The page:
Diabetes Epidemiology

Diabetes is a very common disease. New updated data from the new International Diabetes Federation (IDF) Diabetes Atlas show that more than 34 million Americans have diabetes (1 in 10 individuals), of whom approximately 90-95% have type 2 diabetes. Over the past decade, the trend of rising obesity has definitely increased. As a major risk factor, obesity has directly influenced the increase in cases of diabetes. But let’s get a better understanding of what the main risk factors are for the different types of diabetes.

Risk factors for type 1 diabetes

  • First degree relatives (parents, siblings) with type 1 diabetes
  • Autoimmune diseases (e.g., thyroiditis, rheumatoid arthritis, celiac disease, vitiligo).
  • Autoimmune diseases among first-degree relatives

Risk factors for type 2 diabetes

  • First-degree relatives with type 2 diabetes
  • Suboptimal blood glucose or HbA1c
  • Previous gestational diabetes
  • Excess body weight
  • Sedentary lifestyle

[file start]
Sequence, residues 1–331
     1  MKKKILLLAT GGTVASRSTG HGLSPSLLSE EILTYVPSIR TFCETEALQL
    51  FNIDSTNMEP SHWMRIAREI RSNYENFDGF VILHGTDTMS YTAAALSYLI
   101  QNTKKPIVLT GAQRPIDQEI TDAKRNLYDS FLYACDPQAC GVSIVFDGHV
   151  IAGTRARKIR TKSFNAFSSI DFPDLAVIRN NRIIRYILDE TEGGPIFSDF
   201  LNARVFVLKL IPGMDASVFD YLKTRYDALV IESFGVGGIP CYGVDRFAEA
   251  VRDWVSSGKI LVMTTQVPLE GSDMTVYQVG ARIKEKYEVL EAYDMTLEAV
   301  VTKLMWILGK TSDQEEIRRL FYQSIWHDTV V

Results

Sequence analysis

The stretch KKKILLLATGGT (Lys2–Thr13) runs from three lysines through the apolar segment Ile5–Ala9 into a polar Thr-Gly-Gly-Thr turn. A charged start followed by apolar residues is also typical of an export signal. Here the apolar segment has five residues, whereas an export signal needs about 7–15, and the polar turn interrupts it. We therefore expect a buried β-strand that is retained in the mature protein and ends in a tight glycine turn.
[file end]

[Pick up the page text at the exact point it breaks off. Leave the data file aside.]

• Overeating
  • Cigarette smoking
  • Hypertension
  • Low HDL cholesterol
  • High triglycerides
  • High uricemia or gout
  • Low birth weight (less than 2.5 kg)
  • High birth weight (more than 4 kg)
  • Woman who gave birth to a child weighing more than 4 kg
  • Advanced age


Diabetes Prevention

If in the case of type 1 diabetes there are no proven forms of prevention, neither with a particular lifestyle nor with the assumption of drugs, in the case of type 2 diabetes it is possible to resort to various preventive actions by the patient.

A low-calorie diet can greatly help obese people with high blood sugar to prevent diabetes. In fact, excess weight is a major risk factor for type 2 diabetes. Consuming food in abundance, rich in sugars or animal fats determines a higher risk; vice versa, eating food rich in fiber (whole grains, legumes, vegetables) has instead beneficial effects.

In addition to diet, mobility and physical activity also counteract the risk of type 2 diabetes. In the case of obese people, it is therefore advisable to carry out regular physical activity, from simple walks to sports.

Pharmacological therapies (metformin, acarbose, rosiglitazone, pioglitazone), although paid for by the citizen and not by the health care or insurance system, support the prevention of type 2 diabetes.